Drunk drivers are bad drivers, and some cities have far more of them than others. Not all locales publish reliable data on drunk driving fatalities, so we’ll turn to the Century Council, an association of distillers organized to combat drunk driving. The group published the number of fatalities from alcohol-related car accidents in 2011. The data are, unfortunately, broken down by state rather than city. So, for our purposes, the sins of the state will be visited upon the cities. (New York City has reliable data, so we can use city-specific data in that instance.) We can’t adjust the statewide data for mileage, because our mileage numbers relate only to cities themselves. So DWI fatalities will have to be computed per capita, unadjusted for how many miles residents of a city drive.
Pedestrian strikes are another key metric. For this indicator we turn to the CDC’s WONDER, a searchable database of morbidity and mortality statistics. It’s a priceless epidemiological tool as well as a bottomless source of trivia. The most granular data on pedestrian injuries and deaths is by county.
You might object to the use of pedestrian injuries as a metric of driver incompetence, because some cities have far more pedestrians than others. That’s a fair point, but consider New York City. It is, by far, the most walked city in the United States. Two-thirds of New Yorkers either walk or use public transit to get to work. According to the website WalkScore.com, only 2 percent of New Yorkers live in neighborhoods where cars are necessary. While every pedestrian strike is a tragedy, there are fewer in New York than you might expect. Miami-Dade County, a significantly less walked city, had 20 percent more pedestrian strikes per mile driven between 2006 and 2010 than New York.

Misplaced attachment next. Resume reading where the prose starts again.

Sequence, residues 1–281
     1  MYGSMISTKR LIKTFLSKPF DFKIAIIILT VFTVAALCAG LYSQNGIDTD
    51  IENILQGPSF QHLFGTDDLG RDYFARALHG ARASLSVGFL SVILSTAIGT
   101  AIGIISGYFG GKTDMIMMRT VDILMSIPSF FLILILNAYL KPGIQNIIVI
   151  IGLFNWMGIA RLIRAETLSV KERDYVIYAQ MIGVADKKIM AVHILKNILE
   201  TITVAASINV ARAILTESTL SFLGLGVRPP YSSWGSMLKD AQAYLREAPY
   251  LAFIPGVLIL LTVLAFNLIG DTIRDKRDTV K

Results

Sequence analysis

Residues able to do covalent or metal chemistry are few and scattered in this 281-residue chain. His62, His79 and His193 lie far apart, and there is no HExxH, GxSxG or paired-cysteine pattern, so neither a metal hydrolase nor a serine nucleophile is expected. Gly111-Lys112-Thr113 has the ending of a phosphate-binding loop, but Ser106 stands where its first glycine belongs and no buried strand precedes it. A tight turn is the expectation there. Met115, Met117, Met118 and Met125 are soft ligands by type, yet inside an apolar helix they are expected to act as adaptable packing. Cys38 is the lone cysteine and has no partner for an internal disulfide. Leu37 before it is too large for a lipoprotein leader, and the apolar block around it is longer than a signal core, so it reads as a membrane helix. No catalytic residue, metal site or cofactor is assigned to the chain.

A note on traffic tickets, which we won’t include in our rankings. There are all kinds of driving misdeeds that don’t show up in accident and fatality statistics, and some of them are frustrating to other drivers—failure to keep left, following too closely, failure to signal, etc. Unfortunately, traffic ticket data is hard to find. New York publishes ticket data by county, and Washington, D.C. is occasionally forced to release information through FOIA requests. But for the most part, cities don’t want citizens to know how many tickets they give out, because fluctuations will be viewed as cynical coffer-filling rather than safety initiatives.
Ticket statistics aren’t reliable indicators of driving habits, anyway, because they have more to do with policing than with the real rate of infractions. Consider drunk driving. In 2011, Oregon made 387 arrests for driving under the influence per 100,000 residents in the state, nearly triple the 132 per 100,000 made in Louisiana the same year. But the Bayou state lost about twice as many residents per capita as Oregon in car accidents in which alcohol was involved. Unless Oregonians are simply better drunk drivers than Louisianans, the data suggest that arrests do not correlate with the incidence of drunk driving. There’s no reason to believe that running red lights or speeding would be any different. (For what it’s worth, the National Motorists Association collected data on Google queries from people around the country to guess which states issued the most tickets in 2010. Florida, Georgia, Nevada, and Texas topped the list. Montana came in last.)